Hand Foot and Mouth Disease
Hand, foot, and mouth disease (HFM) is a contagious disease that can spread from person to person. This article discusses the symptoms, causes, and treatment. Parents should keep their children home from daycare or school until the fever has gone down and the mouth sores and blisters are completely healed.
Hand-foot-mouth disease (HFM) is a highly contagious disease that causes a blister-like rash on the hands, feet, and mouth. It is caused by a virus and can be spread from person to person very quickly, particularly in daycare centers and schools. It can also be transferred from person to person by contact with respiratory secretions or stool. Children often become infected with dirty hands, which can also happen to adults.
Although the hand-foot-mouth disease is highly contagious, there are some precautions that you can take to prevent it. First, you can begin by checking for symptoms. In many cases, hand, foot, and mouth disease will be accompanied by a fever. If you suspect your child has contracted the disease, you should report them to the school or childcare center. Alternatively, you can contact your local public health unit at 1300 066 055.
A doctor can diagnose the disease by examining the blisters and taking a sample. In rare cases, doctors can even test the infection by sending samples to a lab. If you suspect that you or someone you know has contracted the disease, let your doctor know so he can prescribe the appropriate treatment. In the meantime, over-the-counter pain relievers can help to reduce the pain.
Symptoms of hand-foot-mouth disease vary in children and can be challenging to diagnose. The illness is caused by a virus known as the Coxsackie virus. However, a medical professional can diagnose the disease through physical examination and observing the rash. In addition, the doctor may conduct a throat culture and send a stool sample for laboratory testing.
The rash is not itchy and typically appears as a flat or slightly raised red spot. It may also form blisters with a red base. The blister fluid or scabs will contain the virus. The rash will generally last for three to six days. However, if the symptoms persist, contact a healthcare provider immediately.
The infection can be treated with an antacid, liquid antihistamine, and painkiller. Patients should avoid putting any food into their mouths while they are sick. In addition, mouth sores can cause dehydration. Children with hand, foot, and mouth disease symptoms should stay home from school or child care. They should also use a tissue to cover their mouths when they sneeze.
Hand, foot, and mouth disease is a common viral infection that begins with small, red spots on the hands or feet. The sores can develop into blisters and become very painful. In children, the disease usually lasts seven to 10 days. However, if left untreated, the disease can lead to other, more severe complications, including meningitis and heart disease.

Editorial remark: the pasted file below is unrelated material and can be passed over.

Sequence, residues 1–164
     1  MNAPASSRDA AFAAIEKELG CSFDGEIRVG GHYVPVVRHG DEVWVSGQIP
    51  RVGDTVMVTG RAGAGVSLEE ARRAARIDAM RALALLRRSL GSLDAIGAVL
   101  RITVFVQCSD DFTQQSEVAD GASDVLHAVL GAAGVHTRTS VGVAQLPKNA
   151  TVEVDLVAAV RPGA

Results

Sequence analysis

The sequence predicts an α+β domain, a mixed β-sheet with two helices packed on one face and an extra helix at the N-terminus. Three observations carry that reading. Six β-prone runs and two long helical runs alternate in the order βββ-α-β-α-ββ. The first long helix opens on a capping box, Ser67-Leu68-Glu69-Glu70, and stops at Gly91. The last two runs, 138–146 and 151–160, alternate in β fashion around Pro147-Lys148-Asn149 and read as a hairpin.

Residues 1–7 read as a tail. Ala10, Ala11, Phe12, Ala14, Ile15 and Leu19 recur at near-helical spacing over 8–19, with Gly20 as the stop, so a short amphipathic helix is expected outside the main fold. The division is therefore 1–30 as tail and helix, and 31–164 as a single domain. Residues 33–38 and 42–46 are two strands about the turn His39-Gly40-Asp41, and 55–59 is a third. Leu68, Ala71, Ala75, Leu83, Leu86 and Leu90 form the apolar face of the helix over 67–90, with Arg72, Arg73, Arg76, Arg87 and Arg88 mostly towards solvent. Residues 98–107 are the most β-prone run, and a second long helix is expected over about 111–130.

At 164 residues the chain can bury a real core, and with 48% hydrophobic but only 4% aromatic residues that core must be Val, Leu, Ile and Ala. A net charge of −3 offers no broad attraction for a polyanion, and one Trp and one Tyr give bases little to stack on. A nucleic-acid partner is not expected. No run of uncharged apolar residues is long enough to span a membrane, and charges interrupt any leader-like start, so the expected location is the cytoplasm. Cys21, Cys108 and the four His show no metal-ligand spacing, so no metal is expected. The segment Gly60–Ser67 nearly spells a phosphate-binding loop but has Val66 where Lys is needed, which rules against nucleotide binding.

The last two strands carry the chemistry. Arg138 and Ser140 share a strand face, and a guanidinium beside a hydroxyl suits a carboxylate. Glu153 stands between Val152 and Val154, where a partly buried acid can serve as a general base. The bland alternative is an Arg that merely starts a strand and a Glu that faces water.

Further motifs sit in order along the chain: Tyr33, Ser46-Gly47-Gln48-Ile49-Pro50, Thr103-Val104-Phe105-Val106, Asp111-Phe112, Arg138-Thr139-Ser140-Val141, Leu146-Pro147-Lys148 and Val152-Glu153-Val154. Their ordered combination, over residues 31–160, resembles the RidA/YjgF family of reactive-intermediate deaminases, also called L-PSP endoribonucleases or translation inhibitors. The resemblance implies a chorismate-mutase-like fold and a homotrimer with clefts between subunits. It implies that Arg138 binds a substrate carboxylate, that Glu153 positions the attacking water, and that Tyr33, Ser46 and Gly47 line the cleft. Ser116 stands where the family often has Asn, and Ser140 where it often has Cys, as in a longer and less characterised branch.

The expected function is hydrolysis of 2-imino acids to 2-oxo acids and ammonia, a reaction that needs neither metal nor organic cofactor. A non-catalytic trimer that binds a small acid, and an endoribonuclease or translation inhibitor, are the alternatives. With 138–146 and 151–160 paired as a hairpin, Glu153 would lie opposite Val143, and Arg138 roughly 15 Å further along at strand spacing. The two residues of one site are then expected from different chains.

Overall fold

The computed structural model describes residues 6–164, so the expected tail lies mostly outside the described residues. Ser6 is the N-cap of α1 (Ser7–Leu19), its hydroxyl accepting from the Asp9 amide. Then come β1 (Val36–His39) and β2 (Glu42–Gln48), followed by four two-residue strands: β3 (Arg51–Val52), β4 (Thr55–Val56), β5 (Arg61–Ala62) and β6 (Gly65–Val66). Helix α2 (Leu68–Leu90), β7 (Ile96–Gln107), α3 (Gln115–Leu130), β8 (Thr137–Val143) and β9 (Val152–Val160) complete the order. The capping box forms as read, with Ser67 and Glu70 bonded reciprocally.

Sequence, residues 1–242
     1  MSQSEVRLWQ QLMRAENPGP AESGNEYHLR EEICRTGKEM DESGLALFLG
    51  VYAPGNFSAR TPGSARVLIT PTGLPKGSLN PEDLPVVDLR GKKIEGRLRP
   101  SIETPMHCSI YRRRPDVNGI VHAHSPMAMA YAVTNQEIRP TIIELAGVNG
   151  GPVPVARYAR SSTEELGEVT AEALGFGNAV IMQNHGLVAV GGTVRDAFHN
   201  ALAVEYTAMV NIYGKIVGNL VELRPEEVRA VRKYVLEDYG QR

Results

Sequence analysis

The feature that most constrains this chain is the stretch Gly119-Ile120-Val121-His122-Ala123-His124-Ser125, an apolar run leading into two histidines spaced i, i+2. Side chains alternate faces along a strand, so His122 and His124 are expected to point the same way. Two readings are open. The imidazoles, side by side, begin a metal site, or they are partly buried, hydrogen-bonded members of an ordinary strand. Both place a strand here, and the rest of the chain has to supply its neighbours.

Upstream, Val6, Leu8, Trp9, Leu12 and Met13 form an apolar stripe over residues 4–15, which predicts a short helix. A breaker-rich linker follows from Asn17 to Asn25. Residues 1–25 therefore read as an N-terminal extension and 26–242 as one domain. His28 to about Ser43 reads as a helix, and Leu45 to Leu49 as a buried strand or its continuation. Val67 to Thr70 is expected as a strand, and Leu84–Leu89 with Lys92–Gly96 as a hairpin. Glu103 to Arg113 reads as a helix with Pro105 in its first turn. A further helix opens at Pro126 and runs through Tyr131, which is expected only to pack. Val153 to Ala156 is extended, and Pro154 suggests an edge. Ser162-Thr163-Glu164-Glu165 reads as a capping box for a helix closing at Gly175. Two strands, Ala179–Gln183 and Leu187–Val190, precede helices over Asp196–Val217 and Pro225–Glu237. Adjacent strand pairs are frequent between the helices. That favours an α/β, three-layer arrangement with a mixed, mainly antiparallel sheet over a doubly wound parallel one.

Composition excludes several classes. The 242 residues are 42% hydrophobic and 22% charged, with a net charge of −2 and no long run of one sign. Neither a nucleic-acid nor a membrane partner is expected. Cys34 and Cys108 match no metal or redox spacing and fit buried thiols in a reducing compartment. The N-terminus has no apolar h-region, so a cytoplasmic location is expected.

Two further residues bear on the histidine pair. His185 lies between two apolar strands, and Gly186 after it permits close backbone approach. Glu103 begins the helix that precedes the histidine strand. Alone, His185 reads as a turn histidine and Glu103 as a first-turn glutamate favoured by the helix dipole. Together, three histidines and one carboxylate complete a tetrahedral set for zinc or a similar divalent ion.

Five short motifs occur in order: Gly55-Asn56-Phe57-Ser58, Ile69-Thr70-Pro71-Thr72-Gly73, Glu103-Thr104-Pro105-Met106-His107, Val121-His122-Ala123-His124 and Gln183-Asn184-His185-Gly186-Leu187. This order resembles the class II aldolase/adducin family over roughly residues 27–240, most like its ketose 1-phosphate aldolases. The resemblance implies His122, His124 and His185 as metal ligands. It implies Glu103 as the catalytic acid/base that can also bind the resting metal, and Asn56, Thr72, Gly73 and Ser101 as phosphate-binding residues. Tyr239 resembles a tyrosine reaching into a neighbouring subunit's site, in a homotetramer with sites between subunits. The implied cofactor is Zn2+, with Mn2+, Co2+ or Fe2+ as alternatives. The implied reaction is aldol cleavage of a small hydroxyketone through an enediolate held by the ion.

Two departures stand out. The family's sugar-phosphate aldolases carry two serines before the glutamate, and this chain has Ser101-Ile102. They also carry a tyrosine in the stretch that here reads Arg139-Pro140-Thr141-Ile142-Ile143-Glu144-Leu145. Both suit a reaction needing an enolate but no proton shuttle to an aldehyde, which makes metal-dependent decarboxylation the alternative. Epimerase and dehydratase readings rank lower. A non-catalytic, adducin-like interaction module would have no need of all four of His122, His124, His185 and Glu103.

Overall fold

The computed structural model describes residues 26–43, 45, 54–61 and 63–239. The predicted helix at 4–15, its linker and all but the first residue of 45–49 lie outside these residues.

A child with this condition should stay home from childcare, daycare, and school until the fever and blisters disappear. They should also not contact other people who have the disease. If you have any concerns, contact your GP or midwife. In addition, hands should be washed regularly, and children should not be left alone with an infected parent.
Any number of viruses can cause hand, foot, and mouth disease, but the most common is coxsackievirus 16, a member of the enterovirus family. Although the infection can affect adults, it is most common in childcare settings. This is because babies and young children need frequent diaper changes and assistance with toileting, so they tend to put their hands in their mouths.
Hand, foot, and mouth disease is a widespread viral infection that affects young children and people with immune deficiency. It begins with small, red dots that develop into ulcers. They can occur on the sides of the tongue, inside the cheeks, and on the palms and soles of the hands and feet. Infants are often infected with HFM, which usually clears up in seven to 10 days. However, symptoms may be mild or severe, and the child may be bedridden for a day or more.
In severe cases, treatment may require antibiotics. A mild pain-relieving tincture can be used to treat blisters in the mouth. This tincture usually contains lidocaine or chlorhexidine. Herbal remedies can also provide relief from symptoms. It is important to remember that the infection can be accompanied by dehydration. For this reason, it is essential to be aware of the possibility of a bacterial infection. In cases of superinfection, antibiotic treatment may be necessary.
Symptoms of hand, foot, and mouth disease can spread quickly to other people. The infection can be transmitted through coughs, sneezes, and the fluid produced by blisters. The disease is most contagious during the first five days after the symptoms start. Therefore, keeping children at home until they feel better is essential. After that, they can return to daycare or nursery.